Rikkyo University has a "document application" system that allows foreign international students to take an exam without the need to come to Japan.
It is also a university which is popular for students that want to study abroad, with around 1,000 students and facilitated with a prayer room.
The employment rate of graduated students from Rikkyo University is also 10 points higher than the average rate of other universities in Japan.
An FJ staff member recently visited the university and interviewed foreign students to learn more about their life at university.
FJ: Please introduce yourself.
Alyssa: I am Alyssa from Malaysia. I came to Japan about three years ago, and at first, I had studied at a Japanese language school called ABK College. Currently, I am a second-year student at College of Intercultural Communication (CIC) of Rikkyo University.
FJ: What kind of place is Rikkyo University? Also, how is the study environment?
Alyssa: The campus itself is very beautiful, but I think the Main Building (Building No.1, Morris Hall) is especially appealing.
I also really enjoy some of the classes I'm taking in my department. The content is quite varied and the professors that I've had the opportunity to be taught by are very knowledgeable and passionate about what they specialize in, so it’s really interesting to hear their opinions on certain topics based on the research that they've done.
FJ: Since the campus is located near Ikebukuro station, which is the third frequently used station in Japan, so I think the campus must be very convenient right?
Alyssa: Yes! I think that Rikkyo's Ikebukuro campus is really convenient and great. There are convenience stores and supermarkets nearby, as well as many good restaurants. The station is also only a 10-minute walk away and you can get anything you need without having to hop onto the train. I especially like Minami Ikebukuro Park, it’s a little farther away from the university, but it’s a great place to spend free periods or just to hang out with your friends after class and chill on the grass.
FJ: You are studying using Japanese, right? What do you think about the Japanese language? Is it hard for you?
I've been living here for a while so daily conversational Japanese is fine for me. But I think language is a bit of a challenge, especially when it comes to more serious matters like health insurance or bank accounts or visa related matters, etc.. When specialized terminology is used, it’s really hard for me to understand the conversation.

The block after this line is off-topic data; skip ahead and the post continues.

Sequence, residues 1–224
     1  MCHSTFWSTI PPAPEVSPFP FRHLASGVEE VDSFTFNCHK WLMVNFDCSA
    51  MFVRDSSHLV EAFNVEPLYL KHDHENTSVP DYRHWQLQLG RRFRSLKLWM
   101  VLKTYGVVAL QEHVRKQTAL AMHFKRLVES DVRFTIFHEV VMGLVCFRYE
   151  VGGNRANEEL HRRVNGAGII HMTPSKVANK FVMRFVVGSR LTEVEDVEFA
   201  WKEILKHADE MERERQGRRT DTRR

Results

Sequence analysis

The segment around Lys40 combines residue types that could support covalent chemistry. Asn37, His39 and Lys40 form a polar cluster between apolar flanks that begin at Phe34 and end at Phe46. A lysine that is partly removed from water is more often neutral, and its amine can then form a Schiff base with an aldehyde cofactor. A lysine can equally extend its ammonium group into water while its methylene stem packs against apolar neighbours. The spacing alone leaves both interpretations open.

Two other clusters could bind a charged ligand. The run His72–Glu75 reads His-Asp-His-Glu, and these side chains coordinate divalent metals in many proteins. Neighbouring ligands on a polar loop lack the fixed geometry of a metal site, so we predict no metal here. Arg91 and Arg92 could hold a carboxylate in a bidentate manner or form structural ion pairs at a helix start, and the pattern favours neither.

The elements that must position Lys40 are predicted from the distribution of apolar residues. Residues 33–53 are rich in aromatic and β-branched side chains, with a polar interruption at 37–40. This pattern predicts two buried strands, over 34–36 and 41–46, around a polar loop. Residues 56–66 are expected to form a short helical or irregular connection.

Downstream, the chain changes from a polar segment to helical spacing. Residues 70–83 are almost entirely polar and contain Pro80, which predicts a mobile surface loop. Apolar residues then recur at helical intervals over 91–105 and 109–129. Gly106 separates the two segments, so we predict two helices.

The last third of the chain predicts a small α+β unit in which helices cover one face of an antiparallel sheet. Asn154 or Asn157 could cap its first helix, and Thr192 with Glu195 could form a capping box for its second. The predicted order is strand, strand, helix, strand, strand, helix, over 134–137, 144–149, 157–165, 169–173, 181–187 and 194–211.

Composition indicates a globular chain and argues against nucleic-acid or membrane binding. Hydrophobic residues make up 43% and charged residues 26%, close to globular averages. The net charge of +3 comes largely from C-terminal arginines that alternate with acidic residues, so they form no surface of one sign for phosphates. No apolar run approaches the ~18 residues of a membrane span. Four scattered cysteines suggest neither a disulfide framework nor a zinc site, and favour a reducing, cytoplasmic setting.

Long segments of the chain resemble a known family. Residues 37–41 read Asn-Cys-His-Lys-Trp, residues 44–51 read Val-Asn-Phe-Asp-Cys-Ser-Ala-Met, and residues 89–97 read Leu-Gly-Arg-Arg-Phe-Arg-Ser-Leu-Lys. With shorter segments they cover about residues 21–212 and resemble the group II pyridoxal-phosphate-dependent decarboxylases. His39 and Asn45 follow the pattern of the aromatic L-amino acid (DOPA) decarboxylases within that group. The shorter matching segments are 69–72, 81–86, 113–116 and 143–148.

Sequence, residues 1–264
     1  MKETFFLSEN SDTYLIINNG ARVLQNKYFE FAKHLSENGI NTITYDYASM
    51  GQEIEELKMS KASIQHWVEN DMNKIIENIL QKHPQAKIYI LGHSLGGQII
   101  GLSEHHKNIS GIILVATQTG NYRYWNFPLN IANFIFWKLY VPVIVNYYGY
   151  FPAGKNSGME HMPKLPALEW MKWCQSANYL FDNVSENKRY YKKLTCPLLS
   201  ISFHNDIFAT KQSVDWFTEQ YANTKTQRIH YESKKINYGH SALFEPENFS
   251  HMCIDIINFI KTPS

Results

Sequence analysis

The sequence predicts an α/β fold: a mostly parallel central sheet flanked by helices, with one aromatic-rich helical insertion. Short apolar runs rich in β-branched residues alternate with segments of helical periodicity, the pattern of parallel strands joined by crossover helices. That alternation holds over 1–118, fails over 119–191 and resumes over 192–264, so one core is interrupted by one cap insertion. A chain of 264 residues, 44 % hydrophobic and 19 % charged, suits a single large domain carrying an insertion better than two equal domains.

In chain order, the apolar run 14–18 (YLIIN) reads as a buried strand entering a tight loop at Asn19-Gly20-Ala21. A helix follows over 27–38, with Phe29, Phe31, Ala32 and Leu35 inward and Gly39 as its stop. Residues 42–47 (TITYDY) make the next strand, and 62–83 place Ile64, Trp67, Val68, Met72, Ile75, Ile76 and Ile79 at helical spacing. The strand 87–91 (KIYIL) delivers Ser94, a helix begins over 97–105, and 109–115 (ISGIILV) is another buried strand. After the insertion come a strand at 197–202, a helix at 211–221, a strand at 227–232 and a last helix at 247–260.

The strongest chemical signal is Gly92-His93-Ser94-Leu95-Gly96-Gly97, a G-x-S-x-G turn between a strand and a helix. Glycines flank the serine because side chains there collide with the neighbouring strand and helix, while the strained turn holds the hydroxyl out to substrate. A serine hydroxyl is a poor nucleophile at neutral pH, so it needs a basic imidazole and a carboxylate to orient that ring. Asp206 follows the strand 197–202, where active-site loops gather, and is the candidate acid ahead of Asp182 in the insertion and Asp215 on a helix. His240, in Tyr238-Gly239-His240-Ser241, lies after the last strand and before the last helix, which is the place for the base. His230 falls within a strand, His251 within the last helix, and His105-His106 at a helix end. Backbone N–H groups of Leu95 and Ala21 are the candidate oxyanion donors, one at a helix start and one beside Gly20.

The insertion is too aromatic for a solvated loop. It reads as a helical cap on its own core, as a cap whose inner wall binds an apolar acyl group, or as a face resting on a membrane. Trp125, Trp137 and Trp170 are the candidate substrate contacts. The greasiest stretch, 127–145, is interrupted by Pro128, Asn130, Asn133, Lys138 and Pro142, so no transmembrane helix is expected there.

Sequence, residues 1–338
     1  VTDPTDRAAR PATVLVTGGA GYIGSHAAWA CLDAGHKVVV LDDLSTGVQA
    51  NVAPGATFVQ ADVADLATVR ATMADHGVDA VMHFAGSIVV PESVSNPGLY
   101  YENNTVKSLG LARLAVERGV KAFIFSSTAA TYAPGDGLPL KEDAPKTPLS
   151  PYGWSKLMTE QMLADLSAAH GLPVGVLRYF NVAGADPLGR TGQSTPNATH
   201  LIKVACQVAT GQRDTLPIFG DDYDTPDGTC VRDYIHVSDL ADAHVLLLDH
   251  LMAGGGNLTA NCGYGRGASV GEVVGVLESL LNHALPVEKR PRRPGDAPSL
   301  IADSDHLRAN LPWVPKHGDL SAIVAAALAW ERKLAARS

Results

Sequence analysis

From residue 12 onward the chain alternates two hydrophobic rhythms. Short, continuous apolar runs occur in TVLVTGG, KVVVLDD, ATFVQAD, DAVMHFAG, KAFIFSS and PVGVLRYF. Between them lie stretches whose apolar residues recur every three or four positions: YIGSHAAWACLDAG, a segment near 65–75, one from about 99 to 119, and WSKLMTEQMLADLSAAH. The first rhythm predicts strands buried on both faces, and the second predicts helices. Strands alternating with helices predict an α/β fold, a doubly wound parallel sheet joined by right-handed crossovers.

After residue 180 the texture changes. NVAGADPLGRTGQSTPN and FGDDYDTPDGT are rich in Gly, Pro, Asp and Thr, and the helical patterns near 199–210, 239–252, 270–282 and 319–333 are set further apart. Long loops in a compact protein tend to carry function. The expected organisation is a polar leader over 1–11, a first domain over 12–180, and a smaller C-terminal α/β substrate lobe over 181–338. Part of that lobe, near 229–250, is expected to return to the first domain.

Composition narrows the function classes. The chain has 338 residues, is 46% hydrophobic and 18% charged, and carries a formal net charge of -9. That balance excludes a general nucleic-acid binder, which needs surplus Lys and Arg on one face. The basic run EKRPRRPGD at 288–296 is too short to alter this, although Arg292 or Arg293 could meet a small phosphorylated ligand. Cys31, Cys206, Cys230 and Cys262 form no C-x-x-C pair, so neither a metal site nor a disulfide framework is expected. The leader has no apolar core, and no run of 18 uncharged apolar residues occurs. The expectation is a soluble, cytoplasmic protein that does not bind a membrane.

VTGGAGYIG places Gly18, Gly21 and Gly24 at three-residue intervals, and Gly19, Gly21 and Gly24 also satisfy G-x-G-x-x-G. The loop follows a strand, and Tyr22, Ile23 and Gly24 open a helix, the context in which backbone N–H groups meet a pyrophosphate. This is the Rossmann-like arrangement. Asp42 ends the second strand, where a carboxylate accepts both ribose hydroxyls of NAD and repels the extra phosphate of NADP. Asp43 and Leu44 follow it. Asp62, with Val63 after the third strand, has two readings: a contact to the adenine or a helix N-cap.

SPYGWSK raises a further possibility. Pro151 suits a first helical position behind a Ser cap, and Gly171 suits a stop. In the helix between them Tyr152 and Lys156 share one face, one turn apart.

FJ: What kind of place do you usually spend your time? How do you blend in with Japanese college life?
Alyssa: On most weekdays, I'm usually either in the university or working. I am working part-time at a tourist information center near Ikebukuro station, which actually gives me a lot of chances to practice my Japanese language conversation skill. At university, I spend most of my time outside of class in the Global lounge, either doing homework or just chatting with friends. During holidays, I still have to work but sometimes I travel, either within Japan or overseas. About friends, I've made a lot of good memories with friends that I've met through a school circle called JOINUS at the university. It’s a school circle where Japanese and international students can meet, make friends and hang out with each other. I've actually met a lot of good friends, both Japanese and international through this circle. They hold a few social events throughout the year, like picnics, camps, and parties etc., so it’s quite fun.
FJ: Any advice for those people who are thinking about studying abroad in Japan?
Alyssa: Definitely try it, if you have the chance. Japan is a really quirky and unique place, so if you're not open-minded, you could be in for a shock. Be open to cultural differences and try to meet new people and have new experiences while you're here. Coming here and meeting people with completely different life experiences and cultures really taught me that there is so much more to learn in life and that every experience you have will help you grow as a human being. If you're on the fence about coming, just take a risk and experience it for yourself.